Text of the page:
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Tony Grist

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Leaving The Nest [May. 14th, 2014|07:16 pm]
Tony Grist
The baby blue tits have left the nest.

Matthew spotted them this morning, peeking out from a chink in the eaves.

After lunch they dropped down onto the patio. Three of them. Clumsy little balls of fluff.

One of them flapped away at the glass screen, then found the door and flew off into the garden. The other two hid in the creeper and slowly climbed through it to the top of the garage wall. The second flew, but the third hung back. A parent visited twice and fed the lingerer but- catching sight of me- gave a shout as if to say, "Sorry kid, you're on your own now" and took off.

Number three continued to bumble around in the creeper, calling for the parent who wasn't coming back.  Once or twice it missed its footing and hung there, clutching a leaf or tendril, beating its wings like a moth. Eventually it clambered onto the roof, hopped three quarters of the way up and sat down.  It looked round; it looked up at the sky; it shook its wings; it sat some more. Then it shuffled round and-  launching itself outwards- made a faltering but successful flight into the nearest rose bush...

[User Picture]From: pondhopper
2014-05-14 09:32 pm (UTC)
You've detailed the fledging process beautifully!
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[User Picture]From: poliphilo
2014-05-15 07:11 am (UTC)
Thank you.
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[User Picture]From: lblanchard
2014-05-15 02:14 am (UTC)
Those first flights are heart-stopping. I watched the first flight of a red-tailed hawk last year -- drama!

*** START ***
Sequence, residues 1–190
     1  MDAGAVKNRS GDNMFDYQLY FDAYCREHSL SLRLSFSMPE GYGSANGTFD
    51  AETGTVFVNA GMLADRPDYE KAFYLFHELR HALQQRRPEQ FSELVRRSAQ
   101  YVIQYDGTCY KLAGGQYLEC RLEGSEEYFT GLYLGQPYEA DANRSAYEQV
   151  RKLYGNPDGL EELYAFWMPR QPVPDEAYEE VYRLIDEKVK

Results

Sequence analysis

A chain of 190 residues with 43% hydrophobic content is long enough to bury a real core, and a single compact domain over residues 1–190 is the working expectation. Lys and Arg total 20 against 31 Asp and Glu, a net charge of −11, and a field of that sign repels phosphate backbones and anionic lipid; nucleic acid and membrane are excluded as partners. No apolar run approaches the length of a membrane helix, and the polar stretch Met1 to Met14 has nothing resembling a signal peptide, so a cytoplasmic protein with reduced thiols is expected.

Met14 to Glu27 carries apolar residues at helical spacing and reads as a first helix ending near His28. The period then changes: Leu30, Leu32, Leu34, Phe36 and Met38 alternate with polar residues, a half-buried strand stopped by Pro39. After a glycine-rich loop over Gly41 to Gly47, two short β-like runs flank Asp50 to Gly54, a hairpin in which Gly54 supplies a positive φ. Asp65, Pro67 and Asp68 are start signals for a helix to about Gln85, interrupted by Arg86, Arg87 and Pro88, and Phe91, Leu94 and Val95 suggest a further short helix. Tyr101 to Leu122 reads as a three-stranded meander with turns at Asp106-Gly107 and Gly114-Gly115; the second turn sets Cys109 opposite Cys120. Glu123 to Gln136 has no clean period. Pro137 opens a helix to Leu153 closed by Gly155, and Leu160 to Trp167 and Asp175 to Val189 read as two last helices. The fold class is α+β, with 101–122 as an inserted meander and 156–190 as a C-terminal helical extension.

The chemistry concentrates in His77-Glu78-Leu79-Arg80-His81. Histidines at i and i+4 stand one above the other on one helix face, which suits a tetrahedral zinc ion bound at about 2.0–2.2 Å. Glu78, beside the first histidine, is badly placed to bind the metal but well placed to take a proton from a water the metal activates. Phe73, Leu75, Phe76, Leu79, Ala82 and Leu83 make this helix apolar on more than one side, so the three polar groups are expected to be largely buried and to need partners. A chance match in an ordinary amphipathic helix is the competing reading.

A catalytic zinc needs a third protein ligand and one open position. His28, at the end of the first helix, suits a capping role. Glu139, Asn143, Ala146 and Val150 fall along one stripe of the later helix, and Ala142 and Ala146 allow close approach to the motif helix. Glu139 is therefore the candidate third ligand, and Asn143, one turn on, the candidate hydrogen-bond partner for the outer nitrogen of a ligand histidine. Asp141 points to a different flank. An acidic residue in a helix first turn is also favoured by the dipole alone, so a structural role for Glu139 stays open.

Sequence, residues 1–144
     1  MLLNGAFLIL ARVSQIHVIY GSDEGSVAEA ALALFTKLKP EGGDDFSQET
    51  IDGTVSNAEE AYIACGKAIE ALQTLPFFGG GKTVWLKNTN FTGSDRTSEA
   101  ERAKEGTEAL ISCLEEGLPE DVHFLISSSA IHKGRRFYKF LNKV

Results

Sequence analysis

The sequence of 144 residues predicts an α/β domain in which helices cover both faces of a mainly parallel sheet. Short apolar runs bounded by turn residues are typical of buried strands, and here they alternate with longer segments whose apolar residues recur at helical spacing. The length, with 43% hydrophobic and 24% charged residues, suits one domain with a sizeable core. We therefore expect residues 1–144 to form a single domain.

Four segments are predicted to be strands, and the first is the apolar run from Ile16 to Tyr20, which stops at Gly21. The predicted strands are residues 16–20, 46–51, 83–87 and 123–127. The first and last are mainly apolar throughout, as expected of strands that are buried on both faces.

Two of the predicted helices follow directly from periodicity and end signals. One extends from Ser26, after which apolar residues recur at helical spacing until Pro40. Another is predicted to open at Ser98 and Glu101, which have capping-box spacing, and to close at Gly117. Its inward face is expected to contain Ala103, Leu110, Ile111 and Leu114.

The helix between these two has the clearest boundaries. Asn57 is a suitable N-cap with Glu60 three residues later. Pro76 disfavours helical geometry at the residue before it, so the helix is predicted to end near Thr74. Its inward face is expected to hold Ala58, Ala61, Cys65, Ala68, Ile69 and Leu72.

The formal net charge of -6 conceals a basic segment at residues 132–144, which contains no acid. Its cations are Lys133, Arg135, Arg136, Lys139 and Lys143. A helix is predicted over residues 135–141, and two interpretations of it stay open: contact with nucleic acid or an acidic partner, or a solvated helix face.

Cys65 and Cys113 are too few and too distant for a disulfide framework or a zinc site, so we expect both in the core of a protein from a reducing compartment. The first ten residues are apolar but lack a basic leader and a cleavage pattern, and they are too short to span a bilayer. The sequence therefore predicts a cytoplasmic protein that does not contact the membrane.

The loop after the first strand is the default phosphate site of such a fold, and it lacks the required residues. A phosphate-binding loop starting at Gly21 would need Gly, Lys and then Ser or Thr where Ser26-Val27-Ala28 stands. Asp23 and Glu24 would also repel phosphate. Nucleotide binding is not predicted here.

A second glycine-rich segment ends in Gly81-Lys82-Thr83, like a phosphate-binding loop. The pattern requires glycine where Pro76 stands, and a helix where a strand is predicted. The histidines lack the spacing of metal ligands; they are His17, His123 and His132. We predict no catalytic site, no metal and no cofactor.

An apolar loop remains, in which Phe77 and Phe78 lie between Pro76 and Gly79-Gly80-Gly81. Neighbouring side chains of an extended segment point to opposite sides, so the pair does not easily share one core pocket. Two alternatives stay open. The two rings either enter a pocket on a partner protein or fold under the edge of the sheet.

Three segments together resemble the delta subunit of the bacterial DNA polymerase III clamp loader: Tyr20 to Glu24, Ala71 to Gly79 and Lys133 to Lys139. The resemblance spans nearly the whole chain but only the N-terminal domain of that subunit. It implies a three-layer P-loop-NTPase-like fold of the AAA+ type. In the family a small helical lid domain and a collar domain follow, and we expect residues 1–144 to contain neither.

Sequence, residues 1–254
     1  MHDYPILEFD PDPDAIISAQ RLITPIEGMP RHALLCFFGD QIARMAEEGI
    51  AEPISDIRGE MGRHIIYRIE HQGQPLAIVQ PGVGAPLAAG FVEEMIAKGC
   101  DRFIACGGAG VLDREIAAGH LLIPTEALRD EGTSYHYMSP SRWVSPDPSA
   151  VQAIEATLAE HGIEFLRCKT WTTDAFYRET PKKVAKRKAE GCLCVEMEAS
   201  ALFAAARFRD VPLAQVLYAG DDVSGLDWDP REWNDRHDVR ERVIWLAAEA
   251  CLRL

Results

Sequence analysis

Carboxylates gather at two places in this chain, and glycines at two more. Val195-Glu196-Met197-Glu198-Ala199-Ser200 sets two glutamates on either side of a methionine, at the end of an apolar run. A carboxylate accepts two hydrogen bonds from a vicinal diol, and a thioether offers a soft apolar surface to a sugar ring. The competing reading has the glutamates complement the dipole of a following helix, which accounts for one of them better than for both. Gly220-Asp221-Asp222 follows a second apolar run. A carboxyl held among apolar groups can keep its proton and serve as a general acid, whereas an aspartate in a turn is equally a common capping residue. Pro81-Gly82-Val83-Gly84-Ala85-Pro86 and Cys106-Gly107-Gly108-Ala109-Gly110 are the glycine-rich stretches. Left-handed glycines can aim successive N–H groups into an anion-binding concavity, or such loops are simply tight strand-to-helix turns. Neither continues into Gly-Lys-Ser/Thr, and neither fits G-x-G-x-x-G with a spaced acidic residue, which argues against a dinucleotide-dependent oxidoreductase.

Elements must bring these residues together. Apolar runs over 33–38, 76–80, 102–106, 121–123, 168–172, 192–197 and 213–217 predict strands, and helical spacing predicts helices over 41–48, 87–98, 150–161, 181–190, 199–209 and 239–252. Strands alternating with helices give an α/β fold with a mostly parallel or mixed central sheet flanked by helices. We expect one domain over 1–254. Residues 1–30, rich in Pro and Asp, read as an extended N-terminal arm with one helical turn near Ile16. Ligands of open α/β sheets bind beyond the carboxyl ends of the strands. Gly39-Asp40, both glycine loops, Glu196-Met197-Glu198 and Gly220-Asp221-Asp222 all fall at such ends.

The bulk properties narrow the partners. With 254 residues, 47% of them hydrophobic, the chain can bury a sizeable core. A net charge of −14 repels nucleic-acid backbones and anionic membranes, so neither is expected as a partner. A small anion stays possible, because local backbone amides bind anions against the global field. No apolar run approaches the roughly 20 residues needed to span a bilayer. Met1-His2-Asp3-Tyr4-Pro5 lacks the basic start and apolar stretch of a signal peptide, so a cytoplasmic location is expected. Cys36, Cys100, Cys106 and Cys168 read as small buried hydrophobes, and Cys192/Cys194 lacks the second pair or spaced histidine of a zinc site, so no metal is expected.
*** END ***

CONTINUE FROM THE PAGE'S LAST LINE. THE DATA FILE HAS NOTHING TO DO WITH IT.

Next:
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[User Picture]From: poliphilo
2014-05-15 07:12 am (UTC)
I was sitting out on the lawn with my field glasses. I couldn't tear myself away.
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[User Picture]From: lblanchard
2014-05-15 03:48 pm (UTC)
Here's a YouTube video of the fledge that I watched (on a webcam, I confess). This guy, nicknamed Peanut, had to cross six lanes of traffic to reach the tree on which he landed. The nest was on the Franklin Institute, 21st and Benjamin Franklin Parkway. They had quite a fan club.

It was a tough year for this clutch. Peanut's two sisters both were killed when they flew into plate glass windows in hot pursuit of low-flying sparrows; and Peanut himself flew into or was hit by a motor vehicle. He survived, was rehabilitated, and was released elsewhere.

Their father was killed on the Schuylkill expressway that year and another male stepped in. Sadly, he was killed on the Amtrak tracks this year. Another male stepped in but the pair has relocated to an undiscovered location in Fairmount Park. Our Hawk Stalkers see one or the other occasionally but haven't been able to track them back to a nest.

Such is the life of an urban hawk. I don't think it's much easier for them in the country, either -- just a different set of hazards.

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[User Picture]From: poliphilo
2014-05-15 04:34 pm (UTC)
What a terrifying rate of attrition.

Your hawk's first flight was more confident than my blue tit's.

I seem to remember- from my days in Philly- that people used to call it the Sure-kill expressway.
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[User Picture]From: lblanchard
2014-05-15 07:20 pm (UTC)
You mean the Sure-Kill Distressway, don't you?

The eyasses engage in something the Hawk Stalkers call "wingercizing" for a week or so before they fledge. They start by flapping their wings; next, they half-hop, half-fly from one end of the ledge to the other and back. If they were in the wild, they would probably hop from branch to branch.

They're pretty funny to watch the first week or so. They fly well but don't quite have it together for their landings.

(Edited to add: they haven't got much choice for their confidence -- it's fifty feet down from the nest and a good 100 feet, or more, before they're safely out of traffic.)

Edited at 2014-05-15 07:21 pm (UTC)
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[User Picture]From: poliphilo
2014-05-15 07:24 pm (UTC)
Wingercising is an excellent word. I must try to remember it.

My birds were living in a hole in the wall until the last moment. No chance there to practice their wing movements.
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